lifeLOVE: Clickin' Cancer's Butt, antonym style...

I've had an emotional few weeks - lessons learned time and time again about appreciating what you have because there always comes an occasion when it's threatened to be, or just is, no longer there: job security, parents and children and spouses and siblings, friends, homes, health...  

The Month of May, 2009, will go down in my personal history as a month of extremes ranging from exhilarating joy to excruciating pain, massive highs to debilitating lows, complete celebration to complete shut-down, huge successes to ultimate failures.  I'm exhausted and overwhelmed.  I made up a new saying about it.  Maybe someone else already made it up, but I'm laying claims to it until otherwise corrected.  It goes like this: Don't count your chicks before they're hatched because you never know when you're looking at a basket of goose eggs.

I think for all of us it is really easy to breeze through the joy, the highs, the celebration, the successes without experiencing the magnification of how much sweeter they are when set against the backdrop of the pain, the lows, the shut-downs, and the failures.  But then again, who in their right mind would willingly dredge up the bad to make the good so much more meaningful?  

Well, whether I wanted the lesson or not, I have learned it 10 times over this month, and as I was sitting down to write this post and feeling more than a little sorry for myself, I realized that the very answer I was looking for was reflected in the images of the incredible people who participate in the Relay for Life every year, who turn stories of hopelessness into efforts steeped in optimism, who turn the loss of loved ones into powerful crusades, who dig deep into their pain not to relive it but to revitalize it - to turn the proverbial sow's ear into a silk purse.

Here are my picks to share from the multitude of images captured at this year's Relay for Life.  I have two other stories to share, but want to leave you with this prod: Life's what you make it, so love your babies harder, give your spouse a kiss goodnight even if you're mad, phone your parents or your children and tell them you love them, wash the dishes before you go to bed and replace the toilet paper roll if you empty it, be grateful for your job, take a picture of the flowers in bloom, and make sure you wear clean underwear - the grass is always greener somewhere else until you realize that you're still on the other side of the fence with yourself.  

I asked who in their right mind would dredge up the bad to make the good so much more meaningful, and the answer is, these incredible, courageous, beautiful survivors, caregivers, friends, spouses, children, parents, aunties and uncles, grandparents, co-workers, and dearly departed, whose incredible spirit and ability to turn despair into HOPE makes me quake in my boots at the power of the human spirit:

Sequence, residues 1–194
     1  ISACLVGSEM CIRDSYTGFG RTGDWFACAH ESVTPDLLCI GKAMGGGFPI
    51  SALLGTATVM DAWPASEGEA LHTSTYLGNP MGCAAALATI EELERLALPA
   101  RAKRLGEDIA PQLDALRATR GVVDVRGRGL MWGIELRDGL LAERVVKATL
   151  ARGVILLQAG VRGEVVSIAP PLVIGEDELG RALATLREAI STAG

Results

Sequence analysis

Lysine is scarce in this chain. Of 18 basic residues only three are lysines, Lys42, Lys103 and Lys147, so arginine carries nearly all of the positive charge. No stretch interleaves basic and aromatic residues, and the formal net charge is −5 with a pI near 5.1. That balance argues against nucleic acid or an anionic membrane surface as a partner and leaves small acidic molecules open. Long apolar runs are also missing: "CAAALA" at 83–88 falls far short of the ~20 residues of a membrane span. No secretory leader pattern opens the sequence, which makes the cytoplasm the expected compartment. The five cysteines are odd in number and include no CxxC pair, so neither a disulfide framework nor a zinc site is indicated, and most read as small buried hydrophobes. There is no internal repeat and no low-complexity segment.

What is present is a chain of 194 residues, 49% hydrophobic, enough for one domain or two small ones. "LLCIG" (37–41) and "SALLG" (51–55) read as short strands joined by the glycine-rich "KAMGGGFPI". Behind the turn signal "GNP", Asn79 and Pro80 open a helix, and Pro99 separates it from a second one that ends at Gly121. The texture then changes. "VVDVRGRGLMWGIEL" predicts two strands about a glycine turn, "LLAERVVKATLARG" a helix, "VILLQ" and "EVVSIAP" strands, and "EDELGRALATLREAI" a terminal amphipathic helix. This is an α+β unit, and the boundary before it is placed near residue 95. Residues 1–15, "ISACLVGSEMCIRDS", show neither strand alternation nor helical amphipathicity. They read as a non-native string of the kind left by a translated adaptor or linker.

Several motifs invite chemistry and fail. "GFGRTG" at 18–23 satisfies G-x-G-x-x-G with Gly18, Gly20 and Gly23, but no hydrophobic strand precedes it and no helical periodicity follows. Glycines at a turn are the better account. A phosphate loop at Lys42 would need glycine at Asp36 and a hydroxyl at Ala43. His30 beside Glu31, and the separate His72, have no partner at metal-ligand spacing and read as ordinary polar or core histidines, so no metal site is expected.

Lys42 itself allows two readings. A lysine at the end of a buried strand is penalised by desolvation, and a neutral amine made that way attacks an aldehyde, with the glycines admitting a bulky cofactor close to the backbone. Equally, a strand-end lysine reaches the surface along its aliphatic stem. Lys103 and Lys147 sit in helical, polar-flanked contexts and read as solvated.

And for whatever it's worth, don't worry too much about the goose eggs - sometimes serendipity kicks in and you realize they're just ugly ducklings... c

lifeLOVE: Clickin' Cancer's Butt, antonym style...

I've had an emotional few weeks - lessons learned time and time again about appreciating what you have because there always comes an occasion when it's threatened to be, or just is, no longer there: job security, parents and children and spouses and siblings, friends, homes, health...  

The Month of May, 2009, will go down in my personal history as a month of extremes ranging from exhilarating joy to excruciating pain, massive highs to debilitating lows, complete celebration to complete shut-down, huge successes to ultimate failures.  I'm exhausted and overwhelmed.  I made up a new saying about it.  Maybe someone else already made it up, but I'm laying claims to it until otherwise corrected.  It goes like this: Don't count your chicks before they're hatched because you never know when you're looking at a basket of goose eggs.

I think for all of us it is really easy to breeze through the joy, the highs, the celebration, the successes without experiencing the magnification of how much sweeter they are when set against the backdrop of the pain, the lows, the shut-downs, and the failures.  But then again, who in their right mind would willingly dredge up the bad to make the good so much more meaningful?  

Well, whether I wanted the lesson or not, I have learned it 10 times over this month, and as I was sitting down to write this post and feeling more than a little sorry for myself, I realized that the very answer I was looking for was reflected in the images of the incredible people who participate in the Relay for Life every year, who turn stories of hopelessness into efforts steeped in optimism, who turn the loss of loved ones into powerful crusades, who dig deep into their pain not to relive it but to revitalize it - to turn the proverbial sow's ear into a silk purse.